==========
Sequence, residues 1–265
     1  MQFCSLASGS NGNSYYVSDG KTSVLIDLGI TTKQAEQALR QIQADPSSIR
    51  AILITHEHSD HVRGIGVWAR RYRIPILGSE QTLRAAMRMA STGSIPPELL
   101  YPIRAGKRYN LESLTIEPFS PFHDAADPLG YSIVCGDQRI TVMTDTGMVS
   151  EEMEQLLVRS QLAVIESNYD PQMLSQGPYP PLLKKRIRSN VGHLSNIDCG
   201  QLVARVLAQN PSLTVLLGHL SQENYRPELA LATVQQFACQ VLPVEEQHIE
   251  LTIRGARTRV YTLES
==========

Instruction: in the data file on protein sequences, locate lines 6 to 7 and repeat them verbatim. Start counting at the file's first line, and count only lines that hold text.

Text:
   201  QLVARVLAQN PSLTVLLGHL SQENYRPELA LATVQQFACQ VLPVEEQHIE
   251  LTIRGARTRV YTLES